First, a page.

'Universe' » After a preview, Salt Lakers say it's mundane and could crowd out local businesses.
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Salt Lake City residents got their first full-color taste Thursday night of the University of Utah's proposed Universe Project, a mixed-use development slated to replace the Rice-Eccles Stadium parking lot.
And many gathered at the workshop did not like what they saw or heard.
"This is tepid, it's pedestrian, it's blah," said Sugar House resident Deanpaul Russell, who hoped the U. would grasp the opportunity to create a "keynote" structure like the nearby Hoberman Arch, Olympic bridge and Salt Lake City Main Library. "What's here that sings 'We're making a place here'?"
At the workshop in the stadium tower overlooking the very ground at stake, the U.'s preferred developer, Inland American Communities Group, and its partners laid out a vision for transforming an 8-acre patch of asphalt into a vibrant commercial center with far-reaching effects on the neighborhood.
Plans call for 40,000 square feet of university offices, 150 rental apartments and 85-square-feet of lifestyle-oriented retail anchored by the University Campus Bookstore, along with a grocery and a cinema. The project is to tie into the Stadium TRAX stop, which sees 15,000 riders a day, and is a key part of U. officials' vision to get students to spend more time on campus.
"Almost a third of the entire system's riders on any given day go through this station," said Steve Smith, a principal at GSBS Architects, Inland's local partner. "Our goal is to create an exciting environment for people to live and come and enjoy.
This is an opportunity to enhance the retail environment."
The developers' concept, still in a preliminary stage of design, calls for a five-level parking structure at the southeast corner of the square site, and to the west a grocery under offices on the corner of 500 South and University Street. The north half of the development would be four- and five-floor apartment blocks.
Between the two halves would be a retail-oriented internal street linking a series of plazas between the train stop and the stadium's northwest entrance.
But Smith and his colleagues faced a battery of skeptical and pointed questions from the more than 60 neighborhood residents.
Will the proposed parking configurations really work? How will it add to an already congested traffic flow? Will taxpayers be on the hook should the project fail? And this worry: The concept seems far out of scale with the surrounding neighborhood.
Perhaps foremost on residents' minds was how the U. will ensure Universe's commercial tenants are not just a pack of chains that will undermine local business and degrade the character of the city's East Bench. Residents and local merchants are openly fearful Universe could replicate the Gateway's impact on downtown.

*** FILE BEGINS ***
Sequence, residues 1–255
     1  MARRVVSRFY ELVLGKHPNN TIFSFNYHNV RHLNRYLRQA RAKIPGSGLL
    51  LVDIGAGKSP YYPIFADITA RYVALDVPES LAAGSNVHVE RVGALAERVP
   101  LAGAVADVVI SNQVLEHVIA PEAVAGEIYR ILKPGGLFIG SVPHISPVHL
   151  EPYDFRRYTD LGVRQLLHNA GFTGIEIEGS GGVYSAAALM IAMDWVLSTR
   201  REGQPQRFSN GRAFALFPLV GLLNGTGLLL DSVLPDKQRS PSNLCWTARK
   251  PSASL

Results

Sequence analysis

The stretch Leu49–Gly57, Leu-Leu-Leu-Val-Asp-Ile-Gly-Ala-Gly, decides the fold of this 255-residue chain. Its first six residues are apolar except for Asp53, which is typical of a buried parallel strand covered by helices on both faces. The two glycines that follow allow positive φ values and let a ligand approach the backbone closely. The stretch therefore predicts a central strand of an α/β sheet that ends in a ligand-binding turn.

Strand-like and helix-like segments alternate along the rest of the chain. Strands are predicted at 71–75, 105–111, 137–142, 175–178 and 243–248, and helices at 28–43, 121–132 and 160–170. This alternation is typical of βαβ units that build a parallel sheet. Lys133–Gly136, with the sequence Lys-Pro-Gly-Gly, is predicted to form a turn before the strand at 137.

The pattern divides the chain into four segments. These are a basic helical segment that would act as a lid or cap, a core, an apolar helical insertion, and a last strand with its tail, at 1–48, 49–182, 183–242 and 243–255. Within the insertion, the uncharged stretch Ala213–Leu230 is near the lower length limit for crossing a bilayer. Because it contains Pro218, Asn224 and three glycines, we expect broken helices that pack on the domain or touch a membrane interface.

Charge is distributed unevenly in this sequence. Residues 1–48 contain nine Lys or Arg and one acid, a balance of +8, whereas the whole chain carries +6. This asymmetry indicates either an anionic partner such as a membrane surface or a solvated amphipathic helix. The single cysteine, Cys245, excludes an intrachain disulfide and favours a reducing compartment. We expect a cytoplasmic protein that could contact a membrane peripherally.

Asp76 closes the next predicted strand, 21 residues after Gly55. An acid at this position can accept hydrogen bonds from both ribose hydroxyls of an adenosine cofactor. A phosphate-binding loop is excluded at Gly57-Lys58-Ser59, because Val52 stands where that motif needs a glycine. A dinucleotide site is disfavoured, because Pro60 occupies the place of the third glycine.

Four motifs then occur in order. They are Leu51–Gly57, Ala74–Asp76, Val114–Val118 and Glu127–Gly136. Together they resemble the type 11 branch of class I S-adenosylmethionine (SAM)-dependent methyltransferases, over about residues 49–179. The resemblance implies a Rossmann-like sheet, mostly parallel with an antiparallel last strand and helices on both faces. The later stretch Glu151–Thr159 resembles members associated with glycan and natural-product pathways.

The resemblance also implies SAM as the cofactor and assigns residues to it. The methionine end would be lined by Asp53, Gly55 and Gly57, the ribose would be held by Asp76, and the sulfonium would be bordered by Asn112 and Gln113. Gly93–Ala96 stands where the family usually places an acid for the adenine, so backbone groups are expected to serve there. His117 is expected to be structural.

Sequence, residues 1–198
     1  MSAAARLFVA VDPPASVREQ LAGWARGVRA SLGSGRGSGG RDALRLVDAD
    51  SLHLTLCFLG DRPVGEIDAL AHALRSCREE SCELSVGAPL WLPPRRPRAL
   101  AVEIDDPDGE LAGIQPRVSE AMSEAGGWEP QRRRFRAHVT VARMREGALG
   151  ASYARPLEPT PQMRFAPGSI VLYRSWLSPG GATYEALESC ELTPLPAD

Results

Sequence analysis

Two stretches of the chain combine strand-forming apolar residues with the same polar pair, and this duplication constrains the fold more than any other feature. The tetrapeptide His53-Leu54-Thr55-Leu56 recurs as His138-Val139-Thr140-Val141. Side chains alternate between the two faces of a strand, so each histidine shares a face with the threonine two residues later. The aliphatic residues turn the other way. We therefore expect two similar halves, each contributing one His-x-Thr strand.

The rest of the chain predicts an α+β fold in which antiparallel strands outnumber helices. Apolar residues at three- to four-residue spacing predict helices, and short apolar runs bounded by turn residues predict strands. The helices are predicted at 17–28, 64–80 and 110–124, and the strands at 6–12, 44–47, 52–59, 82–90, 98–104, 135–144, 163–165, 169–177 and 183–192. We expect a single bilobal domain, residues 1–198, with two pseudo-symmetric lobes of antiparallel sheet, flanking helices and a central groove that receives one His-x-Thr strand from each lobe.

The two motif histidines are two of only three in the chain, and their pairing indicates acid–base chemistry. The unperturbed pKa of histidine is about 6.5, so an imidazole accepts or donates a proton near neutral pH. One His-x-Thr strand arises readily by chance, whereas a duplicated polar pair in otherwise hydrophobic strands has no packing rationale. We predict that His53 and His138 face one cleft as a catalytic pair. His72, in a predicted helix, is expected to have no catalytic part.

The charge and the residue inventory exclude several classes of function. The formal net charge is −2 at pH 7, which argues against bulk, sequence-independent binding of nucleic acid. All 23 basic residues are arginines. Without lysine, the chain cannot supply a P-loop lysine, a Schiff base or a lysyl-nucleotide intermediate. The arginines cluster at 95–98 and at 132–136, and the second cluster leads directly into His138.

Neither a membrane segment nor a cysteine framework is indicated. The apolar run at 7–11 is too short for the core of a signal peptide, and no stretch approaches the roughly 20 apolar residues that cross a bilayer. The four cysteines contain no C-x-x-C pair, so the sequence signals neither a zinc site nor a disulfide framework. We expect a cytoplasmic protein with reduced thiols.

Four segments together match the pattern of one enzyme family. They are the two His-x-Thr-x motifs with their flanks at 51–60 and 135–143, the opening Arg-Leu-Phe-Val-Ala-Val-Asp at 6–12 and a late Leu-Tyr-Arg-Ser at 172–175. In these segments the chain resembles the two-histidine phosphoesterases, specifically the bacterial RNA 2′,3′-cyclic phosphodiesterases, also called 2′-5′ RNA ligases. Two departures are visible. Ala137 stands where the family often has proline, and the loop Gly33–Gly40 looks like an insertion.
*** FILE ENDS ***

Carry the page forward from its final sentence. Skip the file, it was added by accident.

"Will there be a place for local businesses?" bookstore owner Betsy Burton, a leader in Local First Utah, posed rhetorically. She said Inland officials had previously told her locals would be welcome -- if they could pay market rents.
"The minute they say those words, "market value," you know you're in trouble," quipped Tempe, Ariz., bookstore owner Gayle Shanks. She cautioned how chain development a few blocks from Arizona State University in the 1990s turned Tempe's Mill Street district from an enclave of independent retail, patronized by students and nonstudents alike, into a chain mall and then to no-go zone of empty store fronts and seedy bars.
Smith affirmed that the developers' central tenet is to create active public space.
"Local businesses would be very important to achieve that goal. It's the Universe, not just any place," Smith said. "We are not about ugly. We are about successful environments that support human activity and endeavor."
Inland American's associates in the Universe Project include GSBS Architects of Salt Lake City, JH&P Architects of Dallas, Sahara Construction, the consultant Nelson Nygaard and the broker CBRE.
Although the U. and its private partners are not beholden to city building requirements, they have promised to seek community guidance.
Two more public workshops are planned: Feb. 26 and March 26,. Plus, city officials plan invite the public to three advisory task force meetings in the coming weeks, starting Feb. 12. See www.universeproject.com